With over 1M published apps, Google's Flutter expands its support for web apps and WebAssembly 1

Flutter, Google’s open-source multi-platform application framework, has been seeing quite a bit of momentum lately, with both Google’s internal teams betting on it for projects like the new Play Console App, the Google Cloud mobile app and Android’s Nearby Share app for Windows using it, as well as developers at Canonical (for the new Ubuntu installer), France’s SNCF and others using it for their projects. At Google I/O today, the team is announcing a number of new features for the project, which hit its 3.0 milestone at last year’s I/O and is now launching version 3.10.

Google also noted that there are now over 1 million published Flutter-based apps, up from 500,000 in mid-2022.

With Flutter being relatively stable at this point, it’s maybe no surprise that the team is working to expand some of its existing capabilities and to make it easier to adopt Flutter in existing projects. But at the same time, Google is also looking ahead to new technologies, with a special focus on WebAssembly.

With over 1M published apps, Google's Flutter expands its support for web apps and WebAssembly 2

Image Credits: Google

With version 3.10, developers can now more easily integrate Flutter components into their existing web apps. That’s something Google started working on a while back, but now, developers can use Flutter’s element embedding capabilities to integrate Flutter components just like any other CSS element — and then manipulate it just like a CSS element, too.

Early on, Flutter apps on the web tended to be full-scale, full-screen applications that were often based on existing mobile applications. “We started to see people who were building apps that took over the whole screen that often started with ‘ I’ve got a mobile app, and I want to run it on the web.’ But we’re now starting to see people who are building apps that are designed around the web experience and hosting on that,” Tim Sneath, Google’s director of product and UX for Flutter and the Dart programming language, told me.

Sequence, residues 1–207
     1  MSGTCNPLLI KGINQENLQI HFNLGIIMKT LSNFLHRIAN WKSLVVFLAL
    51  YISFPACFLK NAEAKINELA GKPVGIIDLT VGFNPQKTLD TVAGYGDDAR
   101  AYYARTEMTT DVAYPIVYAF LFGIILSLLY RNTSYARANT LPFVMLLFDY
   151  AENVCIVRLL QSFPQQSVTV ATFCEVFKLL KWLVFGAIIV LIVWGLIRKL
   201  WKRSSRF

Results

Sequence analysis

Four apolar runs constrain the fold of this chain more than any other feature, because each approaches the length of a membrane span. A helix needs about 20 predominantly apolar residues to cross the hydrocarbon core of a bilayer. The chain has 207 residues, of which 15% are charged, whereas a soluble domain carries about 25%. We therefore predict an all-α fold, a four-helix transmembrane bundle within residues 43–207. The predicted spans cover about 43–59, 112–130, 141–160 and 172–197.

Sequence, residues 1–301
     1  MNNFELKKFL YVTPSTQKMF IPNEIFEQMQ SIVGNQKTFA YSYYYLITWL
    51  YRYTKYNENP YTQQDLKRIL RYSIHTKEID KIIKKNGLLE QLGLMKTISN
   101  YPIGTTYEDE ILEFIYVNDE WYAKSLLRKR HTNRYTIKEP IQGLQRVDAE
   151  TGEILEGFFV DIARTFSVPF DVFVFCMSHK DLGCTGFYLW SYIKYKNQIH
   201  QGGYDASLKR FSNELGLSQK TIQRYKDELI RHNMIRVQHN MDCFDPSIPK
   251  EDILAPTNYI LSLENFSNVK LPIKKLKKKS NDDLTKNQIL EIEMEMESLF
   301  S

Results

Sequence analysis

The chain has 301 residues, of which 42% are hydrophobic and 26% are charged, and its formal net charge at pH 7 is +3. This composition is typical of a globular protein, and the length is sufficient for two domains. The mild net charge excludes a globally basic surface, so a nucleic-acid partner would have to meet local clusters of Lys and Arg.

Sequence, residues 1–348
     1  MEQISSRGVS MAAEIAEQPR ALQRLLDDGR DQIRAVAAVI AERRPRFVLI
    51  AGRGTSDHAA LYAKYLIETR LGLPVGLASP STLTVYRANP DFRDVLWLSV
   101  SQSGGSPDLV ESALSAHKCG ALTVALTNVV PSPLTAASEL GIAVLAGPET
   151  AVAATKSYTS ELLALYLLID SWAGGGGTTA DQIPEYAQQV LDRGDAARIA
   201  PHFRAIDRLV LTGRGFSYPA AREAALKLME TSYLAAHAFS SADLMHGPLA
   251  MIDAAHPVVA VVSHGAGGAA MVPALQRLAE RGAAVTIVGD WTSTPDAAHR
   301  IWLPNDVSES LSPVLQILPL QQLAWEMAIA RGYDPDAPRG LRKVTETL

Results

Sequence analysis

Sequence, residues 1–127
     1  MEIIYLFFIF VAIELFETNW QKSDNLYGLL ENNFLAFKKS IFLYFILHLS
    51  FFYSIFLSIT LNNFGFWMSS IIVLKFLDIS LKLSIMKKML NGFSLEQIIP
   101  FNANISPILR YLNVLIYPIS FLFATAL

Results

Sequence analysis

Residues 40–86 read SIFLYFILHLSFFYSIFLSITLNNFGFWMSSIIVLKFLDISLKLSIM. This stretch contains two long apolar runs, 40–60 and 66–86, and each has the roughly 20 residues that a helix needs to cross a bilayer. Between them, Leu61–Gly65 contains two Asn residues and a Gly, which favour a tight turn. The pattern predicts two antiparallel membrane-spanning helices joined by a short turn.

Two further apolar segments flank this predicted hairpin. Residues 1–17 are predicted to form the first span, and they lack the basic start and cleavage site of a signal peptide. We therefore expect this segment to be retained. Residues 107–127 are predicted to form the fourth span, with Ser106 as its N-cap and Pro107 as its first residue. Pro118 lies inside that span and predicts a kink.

Sneath also noted that the team worked hard to improve Flutter’s performance on the web (Flutter, it’s worth remembering, was originally a mobile app development framework, with stable web support only  arriving in version 2 in 2021). Specifically, this means load times have now been reduced quite significantly.

Talking about supporting the web, the Flutter team continues to work on targeting WebAssembly (Wasm), despite the framework’s close connection to the Dart language. Given that Wasm is still in its early days, a lot of its specs remain in flux. As the Flutter team notes, Wasm didn’t have garbage collection until recently, but Google worked with a number of teams in the Wasm ecosystem to develop the WasmGC extension, which is now being integrated into Chromium-based browsers. With this, the team now felt comfortable adding preview support for Wasm in its pre-release channels, allowing developers to compile Dart to Wasm.

“We have had production quality JavaScript support for a long time, but being able to bring the native power of compiled experiences to the web will help still further,” Sneath said. “A lot of it also is about integration. If you’ve got code in Kotlin or Dart or indeed other languages that compiles to web, and the ability to interoperate with them, it shifts where the substrate is. Sometimes people get very worried about this language versus that language and then treat them as these discrete ecosystems. For us, you care about people writing code with whatever language they want to and Wasm suddenly brings that coherence across our strategy. we’re excited to finally get to that point and maybe get away from having dialogues around [language] A versus B.”

Another recent focus for the Flutter team is graphics performance. As the team announced earlier this year, it completely rewrote its Impeller rendering runtime and in version 3.10, that’s now the default for iOS apps. With this, simply by migrating to the latest version of Flutter, apps will get a major performance boost.

On Android, Impeller is now in preview. There, the engine relies on the Vulkan library, which all modern Android devices support (though Google will offer a compatibility mode for older devices). While it might seem unusual for Android not to be the first to receive these updates, Sneath noted that Flutter’s graphics engine on Android was already quite optimized. Therefore, the team decided to prioritize iOS, where there was significantly more room for improving graphics performance

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